Total players who DID NOT have a high school ATC:     20.3%

 

Players age 26 or higher who had a high school ATC:     383 or 33.0%

Players age 26 or higher who DID NOT have a high school ATC:     146 or 12.6%

Players age 25 or younger who had a high school ATC:     542 or 46.7%

Players age 25 or younger who DID NOT have a high school ATC:     90 or 7.8%

The Questions

This project created some interesting questions when it comes to the impact of a certified athletic trainer on both the short-term and long-term success of an athlete.  These are some of the main questions which arose with this survey and I look forward to hearing the comments on these questions from my readers.

  1. Does the involvement of a certified athletic trainer in the care of a young athlete enhance the long-term success of that athlete?
  2. How beneficial is a certified athletic trainer in preventing injuries that may have otherwise limited the athlete’s ability to earn a scholarship and continue their athletic career to the next level?
  3. How many young athletes, who had no exposure to a certified athletic trainer, had preventable injuries which derailed their ability to reach their potential as an athlete?
  4. How much did the involvement of a certified athletic trainer positively impact the lives and careers of our present NFL players?  In other words, how much did an early exposure to an ATC educate these NFL players on topics such as nutrition, proper strengthening techniques, heat & hydration, staph infections, sports psychology, injury prevention, athletic taping, and injury management contribute to their success?

The Summary

I was not surprised to see that almost 80% of our athletes had a certified athletic trainer in high school.  I did find it interesting that 85.8% of the younger NFL players compared to only 72.4% of the older players had an ATC in high school.

Beyond the numbers and the stats, the best part to come out of this project was the words of overwhelming support, admiration, gratitude and sincere respect these professional athletes had for their high school certified athletic trainers.  They shared stories of how their high school ATC’s changed their lives for the better with their skills, knowledge and compassion.

The stories of these world-class athletes’ beginnings reinforces why so many of us decided to become a certified athletic trainer: to positively enhance the lives of athletes.   To the thousands of ATC’s who have touched the lives of these NFL players:  Mission Accomplished!

Upcoming Sports Medicine Tips!

Sports medicine logo 27I stopped by Home Depot on the way home from work last night.  This time of the year in the NFL, I have to do most of my home project shopping at night.  I ran into a friend of mine who was in obvious pain.  He had low back pain that was hurting him 24/7.  He asked for my help to decrease his lumbar pain.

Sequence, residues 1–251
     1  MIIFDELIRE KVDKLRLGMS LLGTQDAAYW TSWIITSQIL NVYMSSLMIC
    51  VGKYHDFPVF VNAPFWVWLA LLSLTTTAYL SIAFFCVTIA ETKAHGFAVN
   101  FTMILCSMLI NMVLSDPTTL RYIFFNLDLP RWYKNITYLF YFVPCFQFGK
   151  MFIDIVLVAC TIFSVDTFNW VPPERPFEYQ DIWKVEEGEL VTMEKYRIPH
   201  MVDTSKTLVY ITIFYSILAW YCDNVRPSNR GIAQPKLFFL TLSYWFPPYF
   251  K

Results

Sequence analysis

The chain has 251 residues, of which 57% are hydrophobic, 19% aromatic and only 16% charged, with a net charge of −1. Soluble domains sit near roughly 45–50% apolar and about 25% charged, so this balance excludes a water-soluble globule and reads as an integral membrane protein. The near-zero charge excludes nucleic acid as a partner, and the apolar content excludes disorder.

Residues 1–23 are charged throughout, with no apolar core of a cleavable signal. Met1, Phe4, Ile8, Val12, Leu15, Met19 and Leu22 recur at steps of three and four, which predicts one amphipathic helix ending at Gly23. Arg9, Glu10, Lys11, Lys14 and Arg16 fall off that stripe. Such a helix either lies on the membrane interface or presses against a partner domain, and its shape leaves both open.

I showed with him 2 quick sports medicine tips while standing in the “Electrical Supply” section of Home Depot.  The first tip was to increase his pain-free low back range of motion and the second low back technique is specifically designed to decrease his lumbar pain.  Bill’s pain quickly decreased “a ton” and he gratefully thank me.  It’s always very satisfying to me to help those in pain regain their lives back!

My friend Bill called me early the next morning enthusiastically bragging about how much better he felt.  This is the best part of my job, when I see someone healthy and happy after being so debilitated.  All it took was about 5 minutes of my time to share simple sports medicine techniques that my staff and I use each and every day with our NFL players.

“I knew you were good at what you do, Mike” he said respectfully, “but I was truly amazed how simple your techniques were and how quickly I felt 70% better”.  He went on to say: “You need to tell more people about your physical therapy tricks like I did last night to help them to get better like that” he said snapping his fingers.

I receive about 3-5 sports medicine questions a day from friends, coworkers, friends of friends,…etc via phone, in person, text or email.  I view it as an honor that so many trust my medical opinion and I love helping their efforts to be healthy again.  It takes little time yet the rewards for both sides of the problem are huge.  That’s always been my motivation to create and build MikeRyanFitness.com.

What Am I Going to Do About It?

My friend was right.  I need to expand my Personal Mission Statement: To Enhance the Health of Others by going SMALL.

Starting today, I will be Tweeting and posting on my FaceBook page short and effective sports medicine tips.  These Tweets will obviously be 140 characters or less so they will be simple and to the point to help you get back to being an athlete again ASAP.  I’m excited to share with you quick weekly #SportsMedTip that are designed in the MikeRyanFitness manner:  They are easy to understand,  simple to apply & provide fast result!

I Need Your Help

My goal is to positive influence 2,000,000 people by the end of 2013.  If you like my sports medicine posts and you think they can help others, please take a couple of minutes to share them with others.  By doing so, you’re helping me to help others.

Please keep the questions and comments coming.  The feedback from you the moms and the dads, the athletes young and old, the runners and the basketball players,…etc that help me to provide you the type of sports medicine advice to keep you in the game.

Thank you!     MDR

Paying the Price for Fitness